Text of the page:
05 April 2013
Zimbabwe has asked its neighbours, including South Africa, to help it fund a prestigious UN summit at Victoria Falls later this year.
Zimbabwe is turning to other African countries, including South Africa, to raise money to host the United Nations World Tourism Organisation (UNWTO) general assembly in Victoria Falls in August. It became clear during a Cabinet meeting on Tuesday that the government would not be able to provide the required $11.2-million in funding.
Information gathered by the Mail & Guardian this week indicated that Zimbabwe Tourism Minister Walter Mzembi, who has been to several countries to market the event, which Harare sees as an opportunity to revamp its battered image and attract investment, was due to travel to South Africa this week to look for funds to host the event to avert potential embarrassment for the country.
Mzembi said he could "not discuss the country's shopping list in the media", but confirmed that Zimbabwe was seeking "capacity-building" assistance from its neighbour.
But sources close to the preparations said that, among other requests, Mzembi would ask Van Schalkwyk for an increase in the number of South African Airways flights to Zimbabwe as Air Zimbabwe would not cope, and for the possibility of other guests being accommodated in South Africa. It was not clear who would pick up the cost.
The government was expected to disburse USD $6.5-million from its own budget, but nothing has been paid out. Instead private companies Mbada Diamonds, Econet and Telecel have stepped in to help. The Zambian governmnet has budgetted KR32.3 million (about USD $6.5 million).
Mbada has promised USD $2.5-million, including paying for a publicity blitz on international media platforms. So far the company has disbursed USD $600 000. Besides this contribution, Mbada is also going to fund the opening ceremony, including the venue, logistics and meals.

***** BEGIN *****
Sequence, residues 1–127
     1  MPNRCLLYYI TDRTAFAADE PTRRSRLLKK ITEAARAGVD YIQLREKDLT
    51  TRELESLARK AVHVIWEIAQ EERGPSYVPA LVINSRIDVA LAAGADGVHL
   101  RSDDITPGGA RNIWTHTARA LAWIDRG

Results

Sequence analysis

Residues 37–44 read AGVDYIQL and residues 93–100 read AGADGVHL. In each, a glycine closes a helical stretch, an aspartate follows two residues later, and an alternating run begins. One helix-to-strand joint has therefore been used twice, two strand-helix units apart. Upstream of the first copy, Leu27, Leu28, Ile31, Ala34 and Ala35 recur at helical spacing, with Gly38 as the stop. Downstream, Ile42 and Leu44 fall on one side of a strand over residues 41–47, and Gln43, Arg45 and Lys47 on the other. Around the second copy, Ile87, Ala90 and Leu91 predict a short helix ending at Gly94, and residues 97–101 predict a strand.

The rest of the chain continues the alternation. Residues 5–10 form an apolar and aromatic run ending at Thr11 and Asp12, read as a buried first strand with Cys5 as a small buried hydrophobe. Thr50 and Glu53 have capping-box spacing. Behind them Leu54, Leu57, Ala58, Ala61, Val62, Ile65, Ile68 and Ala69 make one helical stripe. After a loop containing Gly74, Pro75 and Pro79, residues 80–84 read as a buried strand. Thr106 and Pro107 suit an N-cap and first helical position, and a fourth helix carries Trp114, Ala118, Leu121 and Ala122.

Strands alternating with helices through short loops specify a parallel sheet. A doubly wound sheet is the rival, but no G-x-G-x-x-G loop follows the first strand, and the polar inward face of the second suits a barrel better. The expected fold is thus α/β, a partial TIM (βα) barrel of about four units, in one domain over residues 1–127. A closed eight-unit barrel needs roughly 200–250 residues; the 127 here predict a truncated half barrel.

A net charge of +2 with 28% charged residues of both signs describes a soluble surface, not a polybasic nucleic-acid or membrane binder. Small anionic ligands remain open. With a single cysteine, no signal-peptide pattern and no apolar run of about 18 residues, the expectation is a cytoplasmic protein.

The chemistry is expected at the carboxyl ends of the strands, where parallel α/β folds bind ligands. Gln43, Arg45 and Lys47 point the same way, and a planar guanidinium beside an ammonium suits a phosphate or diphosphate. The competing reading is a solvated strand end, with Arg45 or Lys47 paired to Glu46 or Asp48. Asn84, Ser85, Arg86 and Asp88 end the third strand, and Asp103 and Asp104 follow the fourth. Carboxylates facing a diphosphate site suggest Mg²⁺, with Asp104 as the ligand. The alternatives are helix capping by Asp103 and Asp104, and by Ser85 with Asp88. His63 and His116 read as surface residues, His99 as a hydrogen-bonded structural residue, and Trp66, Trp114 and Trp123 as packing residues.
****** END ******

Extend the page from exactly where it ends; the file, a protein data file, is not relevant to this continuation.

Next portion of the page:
Zimbabwe obtained a $150-million loan from the China Import-Export Bank to refurbish infrastructure, including airports, roads and hotels, ahead of the event, although most of the work is behind schedule and some projects, including building a new convention centre with a seating capacity of 4 500 in Victoria Falls, have been abandoned.
On Tuesday, the Cabinet failed to commit resources to the event after it was suggested the $6.5-million would come only when diamonds had been sold. Finance Minister Tendai Biti has made it clear that the conference is not among his funding priorities.
To get things on track, Mzembi has now hired a South Africa professional conference organiser after attempts by sections of government to use the Zimbabwe International Trade Fair Company were rejected by the minister. The minister has also engaged the Conventions Africa consultancy to help to raise funds. The company managed to source the $2.5-million from Mbada.
Conventions Africa spokesperson Susanna Makombe said this week the consultancy was confident it would raise enough funds for the tourism conference as it was now targeting the Democratic Republic of Congo, Angola, Kenya, Nigeria and South Africa.
The consultancy has been given clearance by the UN tourism organisation to raise the money.
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